Link Building vs. Link Marketing: What’s The Difference?
Many people think of link building as purely an SEO endeavor. You build links to improve rank. I’ll argue this is the wrong way to think about link building, but not here in today’s column. I’ve accepted that when people use the phrase link building, chances are the word Google is not far from coming […]
Many people think of link building as purely an SEO endeavor. You build links to improve rank. I’ll argue this is the wrong way to think about link building, but not here in today’s column. I’ve accepted that when people use the phrase link building, chances are the word Google is not far from coming up. So be it.
Link marketing is related to link building, but it’s a far more tactical and nuanced approach to the process. People often use the terms link building and link marketing interchangeably, but that doesn’t do justice to either term. If I’m not mistaken, it was Debra Mastaler that first coined the term link marketing.
How does link marketing differ from link building?
In several ways, and the easiest way to explain one is to provide an example. I can’t give away a specific client’s tactics, so this a fictional example, but using two real companies with websites. If anyone from those two companies happen to find this post, you are both welcome to use this strategy if you like it. Or, if you want to comment on why it’s good, bad, or impossible, I’d welcome your feedback.
Imagine you are 3riversarchery.com. You are a specialist e-commerce site offering thousands of archery products. That’s a lot of products in a specialized vertical.
Now, imagine you are mega-store Bass Pro Shops. You also sell archery products, but it’s an extremely small part of your business. Keyword search “archery”, and it looks like Bass Pro has about 900 archery products.
So what could these two sites possibly offer each other?
How many times a week around the U.S. does someone buy an archery product online from Bass Pro Shops? Given that these two sites don’t compete at all for any archery product Bass Pro doesn’t carry, if the marketing folks at both sites could get over their fear, they might find common ground.
What if, when I buy one of those 900 archery products from Bass Pro Shops, there was a link in my confirmation email to 3riversarchery.com that said something like:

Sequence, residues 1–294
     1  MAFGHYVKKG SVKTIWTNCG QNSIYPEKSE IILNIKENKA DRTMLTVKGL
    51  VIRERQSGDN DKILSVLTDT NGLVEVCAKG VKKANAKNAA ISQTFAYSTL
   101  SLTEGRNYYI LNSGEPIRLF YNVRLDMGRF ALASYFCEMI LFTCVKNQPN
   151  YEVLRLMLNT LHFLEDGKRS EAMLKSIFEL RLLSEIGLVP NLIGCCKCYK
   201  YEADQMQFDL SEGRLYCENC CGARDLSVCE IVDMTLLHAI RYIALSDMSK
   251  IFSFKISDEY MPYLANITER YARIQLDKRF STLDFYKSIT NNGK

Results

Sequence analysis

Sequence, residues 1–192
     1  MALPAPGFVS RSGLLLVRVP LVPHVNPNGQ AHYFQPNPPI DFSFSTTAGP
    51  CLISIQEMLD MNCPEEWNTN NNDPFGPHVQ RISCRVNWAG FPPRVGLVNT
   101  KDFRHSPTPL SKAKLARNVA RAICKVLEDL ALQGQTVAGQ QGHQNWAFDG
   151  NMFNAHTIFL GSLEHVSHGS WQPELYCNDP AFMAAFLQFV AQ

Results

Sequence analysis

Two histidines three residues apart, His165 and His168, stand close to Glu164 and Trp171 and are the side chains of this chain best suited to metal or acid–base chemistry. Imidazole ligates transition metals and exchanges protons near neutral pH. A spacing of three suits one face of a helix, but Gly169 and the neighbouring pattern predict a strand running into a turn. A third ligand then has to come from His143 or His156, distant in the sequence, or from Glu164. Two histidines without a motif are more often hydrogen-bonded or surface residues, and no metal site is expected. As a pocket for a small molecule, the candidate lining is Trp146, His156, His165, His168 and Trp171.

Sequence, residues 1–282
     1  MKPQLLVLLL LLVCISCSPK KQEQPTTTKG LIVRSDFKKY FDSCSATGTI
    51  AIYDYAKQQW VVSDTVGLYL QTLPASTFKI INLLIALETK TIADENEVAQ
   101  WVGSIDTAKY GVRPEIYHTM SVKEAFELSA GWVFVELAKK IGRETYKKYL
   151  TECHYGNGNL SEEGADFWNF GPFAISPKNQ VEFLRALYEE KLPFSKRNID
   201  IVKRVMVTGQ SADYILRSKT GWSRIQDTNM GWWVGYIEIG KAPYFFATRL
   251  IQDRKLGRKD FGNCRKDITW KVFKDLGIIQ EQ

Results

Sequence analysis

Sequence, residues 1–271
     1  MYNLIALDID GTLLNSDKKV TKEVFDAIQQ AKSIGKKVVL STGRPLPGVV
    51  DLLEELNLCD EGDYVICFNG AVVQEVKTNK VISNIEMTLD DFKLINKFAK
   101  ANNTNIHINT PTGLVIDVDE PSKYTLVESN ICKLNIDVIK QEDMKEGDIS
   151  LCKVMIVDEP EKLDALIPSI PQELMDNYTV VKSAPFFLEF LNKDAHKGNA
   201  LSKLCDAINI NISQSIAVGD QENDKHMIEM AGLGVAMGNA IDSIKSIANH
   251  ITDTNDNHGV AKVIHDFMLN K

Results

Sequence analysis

For your specialized archery equipment needs, try 3riversarchery.com
I can hear the marketing folks screaming, “NO WAY!” Why should we use our email confirmations to send people to another store? Well, because your sending them to a store that sells things you do not sell, based on a purchase the customer already made from you. You have little to lose and a lot to gain. Those email confirmations are gold. The links within could be golden.
You could sell those links to 3riversarchery.com or, instead of being greedy, you might propose a swap. The site 3riversarchery probably sends out email confirmations as well. Far fewer than Bass Pro Shops, but that misses the point. Every single shopper at 3riversarchery.com is a prospect for Bass Pro Shops, because of the variety of gear Bass Pro sells. But it’s only the buyer of archery equipment at Bass Pro Shops that 3riversarchery.com cares about, because that’s their vertical specialty.
You tell me. If you are 3riversarchery.com, what’s a link to your site worth inside a confirm email from Bass Pro Shops to a person who just bought archery equipment? Think about that for a minute.
My hunch is the recipient is going to be very receptive to that link.
Conversely, if you just bought something at 3riversarchery, your email confirmation could include the note:
Visit Bass Pro Shops Clearance Section on the web for great deals on all Bass Pro’s outdoor gear.
Argue about how sending customers to another site is bad business, but the reality for any online stores is that while they might compete with each other in some areas, if they recognize where they are complimentary and are smart about how they implement this strategy, there is more to gain than lose.
They key to this link marketing strategy I call “recognition of compliment.” Maybe my above example is too grandiose. Maybe Bass Pro is too big for this to make it through corporate. But what about the thousands of smaller stores on the web that compliment each other? Forget reciprocal links or banner ads for a moment. Warehouse Skateboards and Stewarts Surfboards? PoloGearUSA.com and Jeffers Equine?
Could there be a business to be built playing matchmaker for this one type of link marketing?
Opinions expressed in this article are those of the guest author and not necessarily Search Engine Land. Staff authors are listed here.
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